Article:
The Consumer Financial Protection Bureau (CFPB) proposed Friday to temporarily relax the scope of upcoming changes to Regulation C, which implements the Home Mortgage Disclosure Act (HMDA), by raising one threshold for HMDA reporting. Under Regulation C amendments previously finalized and scheduled to take effect in 2018, HMDA reporting requirements would apply to any financial institution originating 100 or more open-end home equity lines of credit (HELOCs) per year over the prior two years. Under the new proposal, the HMDA reporting requirements would apply through calendar year 2019 to institutions that originated 500 or more HELOCs per year over the prior two years. In the meantime, the CFPB would conduct further studies to help determine whether to permanently change this threshold. Continue Reading CFPB Offers Smaller HELOC Lenders Temporary Relief from HMDA Coverage; HMDA Changes Still Loom In the Future
Jesse advises financial institutions and other clients on a wide variety of legal and regulatory compliance issues. He has experience with a variety of federal and state laws and regulations, such as TILA, RESPA, FDCPA, FCRA, FCBA, ECOA, GLBA, BSA, TCPA, the Bankruptcy Code, the Moss-Magnuson Act, the Unruh Act, etc. He also has experience in transactions such as mergers and acquisitions and debt and equity financing.
Court Also Interprets RESPA Section 8 Anti-Kickback Provisions and Rules that the CFPB Is Subject to RESPA Statute of Limitations
RESPA issues may be the most relevant aspect of the October 11, 2016, ruling by a three-judge panel of the U.S. Court of Appeals for the D.C. Circuit in PHH Corp. v. Consumer Financial Protection Bureau, 15-1177 (D.C. Cir. Oct. 11, 2016). While the opinion’s strongly worded 2-1 holding that the CFPB is unconstitutionally structured is quite noteworthy—to say the least—further consideration by the entire D.C. Circuit seems likely. And en banc consideration could result in the panel’s opinion on the unconstitutionality of the CFPB being vacated, if the court can avoid reaching that issue at this juncture. Continue Reading D.C. Circuit Panel Rules CFPB Structure Unconstitutional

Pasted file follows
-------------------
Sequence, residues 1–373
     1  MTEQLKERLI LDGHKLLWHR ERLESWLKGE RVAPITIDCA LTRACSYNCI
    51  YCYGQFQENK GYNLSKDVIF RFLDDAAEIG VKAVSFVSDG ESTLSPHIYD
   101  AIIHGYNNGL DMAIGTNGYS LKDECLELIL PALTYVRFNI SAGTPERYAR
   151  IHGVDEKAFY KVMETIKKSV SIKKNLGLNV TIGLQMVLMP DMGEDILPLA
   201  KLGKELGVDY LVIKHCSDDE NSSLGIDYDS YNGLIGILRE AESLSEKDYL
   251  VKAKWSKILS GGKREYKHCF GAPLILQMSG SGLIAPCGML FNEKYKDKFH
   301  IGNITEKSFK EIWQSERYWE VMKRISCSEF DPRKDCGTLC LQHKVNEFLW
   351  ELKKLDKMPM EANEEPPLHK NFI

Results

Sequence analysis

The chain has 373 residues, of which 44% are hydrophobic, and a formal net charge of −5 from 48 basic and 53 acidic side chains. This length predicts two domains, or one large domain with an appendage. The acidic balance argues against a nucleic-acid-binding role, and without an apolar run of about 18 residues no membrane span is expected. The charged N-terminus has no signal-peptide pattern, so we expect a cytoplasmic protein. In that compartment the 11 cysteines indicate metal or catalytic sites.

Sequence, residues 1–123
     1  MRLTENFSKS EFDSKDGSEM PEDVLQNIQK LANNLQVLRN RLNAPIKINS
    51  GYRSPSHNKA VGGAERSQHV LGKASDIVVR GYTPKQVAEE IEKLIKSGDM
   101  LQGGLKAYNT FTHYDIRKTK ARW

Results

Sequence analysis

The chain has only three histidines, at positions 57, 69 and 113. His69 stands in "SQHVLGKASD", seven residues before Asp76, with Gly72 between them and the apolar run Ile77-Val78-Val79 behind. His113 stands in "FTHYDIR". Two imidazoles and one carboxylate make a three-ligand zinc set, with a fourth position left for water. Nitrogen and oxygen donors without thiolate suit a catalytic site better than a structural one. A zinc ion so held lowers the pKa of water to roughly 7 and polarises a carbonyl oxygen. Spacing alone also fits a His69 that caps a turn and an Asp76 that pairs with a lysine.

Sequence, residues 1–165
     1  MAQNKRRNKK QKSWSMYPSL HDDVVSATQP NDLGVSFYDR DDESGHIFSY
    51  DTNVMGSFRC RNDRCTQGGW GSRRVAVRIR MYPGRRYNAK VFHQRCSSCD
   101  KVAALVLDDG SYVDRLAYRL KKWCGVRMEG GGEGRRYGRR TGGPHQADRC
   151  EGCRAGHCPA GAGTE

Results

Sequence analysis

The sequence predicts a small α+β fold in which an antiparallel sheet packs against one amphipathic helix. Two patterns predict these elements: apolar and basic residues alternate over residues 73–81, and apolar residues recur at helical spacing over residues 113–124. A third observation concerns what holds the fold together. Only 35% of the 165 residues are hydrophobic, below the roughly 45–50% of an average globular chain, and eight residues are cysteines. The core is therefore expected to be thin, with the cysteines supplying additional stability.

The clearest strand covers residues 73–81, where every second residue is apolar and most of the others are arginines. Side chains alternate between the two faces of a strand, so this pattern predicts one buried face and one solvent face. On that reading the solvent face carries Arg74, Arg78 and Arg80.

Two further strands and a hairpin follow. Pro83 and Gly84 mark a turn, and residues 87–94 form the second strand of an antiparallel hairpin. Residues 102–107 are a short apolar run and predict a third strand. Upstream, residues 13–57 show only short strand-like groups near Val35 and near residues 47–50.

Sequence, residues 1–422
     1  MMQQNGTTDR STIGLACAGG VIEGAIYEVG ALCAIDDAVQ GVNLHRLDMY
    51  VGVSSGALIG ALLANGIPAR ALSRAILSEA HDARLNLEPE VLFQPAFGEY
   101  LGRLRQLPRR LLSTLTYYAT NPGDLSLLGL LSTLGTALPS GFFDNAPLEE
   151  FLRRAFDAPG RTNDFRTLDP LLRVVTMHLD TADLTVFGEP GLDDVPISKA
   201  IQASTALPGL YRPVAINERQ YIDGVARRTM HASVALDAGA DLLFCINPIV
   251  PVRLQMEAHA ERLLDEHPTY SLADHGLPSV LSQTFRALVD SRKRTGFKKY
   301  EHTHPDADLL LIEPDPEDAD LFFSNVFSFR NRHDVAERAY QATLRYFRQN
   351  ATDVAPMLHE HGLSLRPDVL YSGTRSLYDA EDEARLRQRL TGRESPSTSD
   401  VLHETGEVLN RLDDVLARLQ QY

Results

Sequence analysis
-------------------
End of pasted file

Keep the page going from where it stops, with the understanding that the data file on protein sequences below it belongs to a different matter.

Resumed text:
The Consumer Finance Protection Bureau has stated that discrimination by creditors based on gender identity or sexual orientation violates the Equal Credit Opportunity Act. As Slate online magazine put it, when providing the first widespread coverage of this issue in an article published last week,“[t]he federal government just accomplished a decades long goal of LGBTQ advocates with a single letter.” The letter referred to was actually sent on August 30, 2016, from the CFPB to Services and Advocacy for GLBT Elders (“SAGE”), a national social service and advocacy organization for gay, lesbian, bisexual, and transgender elders.
Continue Reading Don’t Ask, Don’t Discriminate: CFPB States That ECOA Prohibits Creditor Discrimination Based on Gender Identity and Sexual Orientation
After much anticipation, the Consumer Financial Protection Bureau (“CFPB”) has released its proposed small-dollar lending rule. Spanning 1,334 pages in length, the proposal marks the first time the CFPB has exercised its authority to issue regulations prohibiting unfair, deceptive, or abusive acts or practices (“UDAAP”). Until now, the CFPB has elected to define UDAAP through its enforcement actions. And despite the proposal’s length, it does not appear that it fully covers the waters of consumer credit in the CFPB’s sights. Accompanying the proposed rule is a Request for Information (“RFI”) asking additional questions about certain other high-cost, longer-term installment loans and open-end lines of credit, raising the possibility of additional rulemakings in the future.
The U.S. Treasury Department’s Financial Crimes Enforcement Network (FinCEN) has finalized its long-awaited beneficial ownership rule, which it proposed in 2014. The regulation does two things. First, it extends Customer Due Diligence (CDD) requirements under Bank Secrecy Act (BSA) rules to the natural persons behind a legal entity. Second, the regulation adds a fifth pillar to the traditional “four pillars” of an effective anti-money laundering (AML) program by requiring covered financial institutions to establish risk-based procedures for conducting ongoing customer due diligence. As of May 11, 2018, entities subject to BSA will be required to identify and verify the identity of beneficial owners of legal entity customers at the time the customer opens a new account, subject to certain exclusions and exemptions, as well as develop risk profiles and conduct ongoing monitoring of customers.